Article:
PL/SQL Programming   «Prev  Next»
Lesson 5Non-PL/SQL variables: bind and host
ObjectiveUse non-PL/SQL Bind, Host Variables to manipulate Data

Use non-PL/SQL Bind, Host Variables to manipulate Data

A bind variable is a variable that you declare in a host environment and then use to pass runtime values.
These values can be character or numeric. You can pass these values either in or out of one or more PL/SQL programs, such as packages, procedures, or functions.
SQL*Plus is a good example of a host environment.

Creating bind variables

To declare a bind variable in the SQL*Plus environment, you use the command VARIABLE.
For example,
VARIABLE g_return_value NUMBER 

Using host variables

Upon declaration, the bind variables now become host to that environment, and you can now use these variables within your PL/SQL programs, such as packages, procedures, or functions.
To reference host variables, you must add a prefix to the reference with a colon (:) to distinguish the host variables from declared PL/SQL variables.
Here is an example that computes a total salary based on a base salary plus a bonus. The computed value is stored in gnv_total_salary and is available to the SQL*Plus environment as it is declared out of the PL/SQL block with the VARIABLE command. The value is printed to the screen with the PRINT command.

VARIABLE gvn_total_salary NUMBER;
   vn_base_salary NUMBER := 3000;
   vn_bonus NUMBER := 1000;
   :gvn_total_salary := vn_base_salary + vn_bonus;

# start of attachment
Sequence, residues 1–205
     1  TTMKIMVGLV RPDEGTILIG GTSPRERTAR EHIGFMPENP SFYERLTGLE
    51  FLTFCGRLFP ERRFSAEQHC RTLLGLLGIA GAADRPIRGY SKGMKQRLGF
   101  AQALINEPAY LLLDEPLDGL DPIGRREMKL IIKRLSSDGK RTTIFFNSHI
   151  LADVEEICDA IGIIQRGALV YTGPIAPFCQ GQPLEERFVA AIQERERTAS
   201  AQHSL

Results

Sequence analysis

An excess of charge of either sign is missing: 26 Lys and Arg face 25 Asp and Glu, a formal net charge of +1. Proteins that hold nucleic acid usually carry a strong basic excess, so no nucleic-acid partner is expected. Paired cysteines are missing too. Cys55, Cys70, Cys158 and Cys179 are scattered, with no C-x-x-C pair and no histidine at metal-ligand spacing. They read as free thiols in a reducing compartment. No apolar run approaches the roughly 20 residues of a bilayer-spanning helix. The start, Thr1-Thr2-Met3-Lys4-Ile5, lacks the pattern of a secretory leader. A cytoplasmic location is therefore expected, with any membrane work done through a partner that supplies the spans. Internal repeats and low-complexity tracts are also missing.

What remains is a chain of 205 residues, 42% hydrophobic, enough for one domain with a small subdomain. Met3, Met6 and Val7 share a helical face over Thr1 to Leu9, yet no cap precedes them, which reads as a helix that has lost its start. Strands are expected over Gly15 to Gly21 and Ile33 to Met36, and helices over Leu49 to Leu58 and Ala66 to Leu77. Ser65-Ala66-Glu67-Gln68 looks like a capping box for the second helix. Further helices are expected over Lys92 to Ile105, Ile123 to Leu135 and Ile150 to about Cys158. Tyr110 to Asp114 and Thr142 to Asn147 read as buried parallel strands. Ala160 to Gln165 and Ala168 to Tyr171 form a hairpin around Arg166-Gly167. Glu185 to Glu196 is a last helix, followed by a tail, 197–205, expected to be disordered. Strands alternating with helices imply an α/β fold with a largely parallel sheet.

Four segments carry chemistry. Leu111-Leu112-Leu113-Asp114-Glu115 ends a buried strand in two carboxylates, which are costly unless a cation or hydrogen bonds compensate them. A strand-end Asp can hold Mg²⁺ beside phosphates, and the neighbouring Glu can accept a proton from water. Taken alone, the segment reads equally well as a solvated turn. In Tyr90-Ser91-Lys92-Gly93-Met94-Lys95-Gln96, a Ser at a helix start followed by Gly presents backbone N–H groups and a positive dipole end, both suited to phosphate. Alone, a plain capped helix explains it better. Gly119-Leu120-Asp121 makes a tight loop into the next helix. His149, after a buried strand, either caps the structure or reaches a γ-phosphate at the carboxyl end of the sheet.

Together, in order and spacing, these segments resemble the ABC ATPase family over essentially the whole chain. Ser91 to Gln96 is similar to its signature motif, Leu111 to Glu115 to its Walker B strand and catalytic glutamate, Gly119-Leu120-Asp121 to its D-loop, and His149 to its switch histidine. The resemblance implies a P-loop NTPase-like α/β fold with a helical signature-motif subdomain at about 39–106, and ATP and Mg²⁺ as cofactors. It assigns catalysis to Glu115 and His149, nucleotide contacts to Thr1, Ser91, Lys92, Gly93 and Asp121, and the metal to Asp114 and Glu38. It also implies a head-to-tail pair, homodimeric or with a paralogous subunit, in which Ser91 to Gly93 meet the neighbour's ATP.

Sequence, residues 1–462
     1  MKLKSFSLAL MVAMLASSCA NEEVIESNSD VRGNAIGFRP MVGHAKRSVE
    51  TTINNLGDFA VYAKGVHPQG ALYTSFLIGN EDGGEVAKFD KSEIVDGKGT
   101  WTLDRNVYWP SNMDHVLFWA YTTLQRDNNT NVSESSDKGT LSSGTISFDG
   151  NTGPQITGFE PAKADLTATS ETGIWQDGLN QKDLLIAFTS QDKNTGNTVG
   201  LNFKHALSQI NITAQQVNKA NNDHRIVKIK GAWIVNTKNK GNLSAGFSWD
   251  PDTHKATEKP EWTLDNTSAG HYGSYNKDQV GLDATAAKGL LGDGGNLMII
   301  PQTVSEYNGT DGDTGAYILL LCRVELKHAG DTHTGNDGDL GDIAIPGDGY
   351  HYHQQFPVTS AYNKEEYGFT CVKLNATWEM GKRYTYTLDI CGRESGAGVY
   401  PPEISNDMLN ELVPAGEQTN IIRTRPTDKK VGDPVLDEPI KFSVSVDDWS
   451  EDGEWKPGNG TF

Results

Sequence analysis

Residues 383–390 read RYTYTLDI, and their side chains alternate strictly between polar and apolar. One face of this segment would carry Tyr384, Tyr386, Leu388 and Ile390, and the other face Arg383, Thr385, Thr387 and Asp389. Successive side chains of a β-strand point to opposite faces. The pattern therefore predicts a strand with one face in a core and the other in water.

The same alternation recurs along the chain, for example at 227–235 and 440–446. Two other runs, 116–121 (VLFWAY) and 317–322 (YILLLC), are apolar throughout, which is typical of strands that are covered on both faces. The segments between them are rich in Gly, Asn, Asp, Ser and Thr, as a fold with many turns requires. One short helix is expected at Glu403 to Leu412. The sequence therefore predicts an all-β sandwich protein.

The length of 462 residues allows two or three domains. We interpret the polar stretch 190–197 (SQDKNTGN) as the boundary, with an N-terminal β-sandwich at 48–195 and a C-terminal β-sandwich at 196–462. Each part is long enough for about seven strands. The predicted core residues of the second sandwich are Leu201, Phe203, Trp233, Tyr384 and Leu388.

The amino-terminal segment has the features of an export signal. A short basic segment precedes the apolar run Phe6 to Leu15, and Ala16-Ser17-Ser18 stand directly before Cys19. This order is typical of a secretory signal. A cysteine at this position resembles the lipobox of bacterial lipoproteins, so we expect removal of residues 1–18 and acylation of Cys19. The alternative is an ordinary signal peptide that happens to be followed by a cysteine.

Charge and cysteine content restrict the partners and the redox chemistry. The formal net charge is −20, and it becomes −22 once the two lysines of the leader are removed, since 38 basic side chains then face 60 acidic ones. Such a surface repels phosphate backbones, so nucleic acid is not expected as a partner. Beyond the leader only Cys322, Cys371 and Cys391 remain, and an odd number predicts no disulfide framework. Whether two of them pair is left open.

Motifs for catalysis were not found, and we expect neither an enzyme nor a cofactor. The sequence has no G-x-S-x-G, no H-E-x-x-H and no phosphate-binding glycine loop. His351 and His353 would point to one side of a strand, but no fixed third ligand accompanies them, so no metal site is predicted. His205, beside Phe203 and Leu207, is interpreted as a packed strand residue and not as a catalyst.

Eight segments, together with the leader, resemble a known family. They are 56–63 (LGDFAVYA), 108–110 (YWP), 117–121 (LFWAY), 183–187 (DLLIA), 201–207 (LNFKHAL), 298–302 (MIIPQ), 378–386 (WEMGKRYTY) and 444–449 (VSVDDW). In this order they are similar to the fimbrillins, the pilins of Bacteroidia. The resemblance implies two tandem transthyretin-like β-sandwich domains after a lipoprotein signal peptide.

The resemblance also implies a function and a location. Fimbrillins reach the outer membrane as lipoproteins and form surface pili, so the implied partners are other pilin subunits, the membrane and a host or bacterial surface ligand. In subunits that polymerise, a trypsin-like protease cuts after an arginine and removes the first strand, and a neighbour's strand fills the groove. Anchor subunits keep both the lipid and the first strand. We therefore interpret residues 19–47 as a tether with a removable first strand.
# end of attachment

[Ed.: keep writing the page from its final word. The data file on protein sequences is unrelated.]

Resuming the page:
PRINT gvn_total_salary
The only SQL statements allowed in a PL/SQL program are DML and transaction control satements. Specifically, DDL statements are illegal.
EXPLAIN PLAN, although classified as DML, is also illegal.
In order to explain why this is the case, we need to look at the way PL/SQL is designed.
In general, a programming language can bind variables in two ways, early or late. Binding a variable is the process of identifying the storage location associated with an identifier in the program. In PL/SQL, binding also involves checking the database for permission to access the schema object referenced. A language that uses early binding does the bind during the compile phase, while a language that uses late binding postpones the bind until run time. Early binding means that the compile phase will take long, but execution will be faster, since the bind has already been completed. Late binding shortens the compile time but lengthens the execution time.
In the next lesson, the DBMS_OUTPUT.PUT_LINE package procedure will be discussed.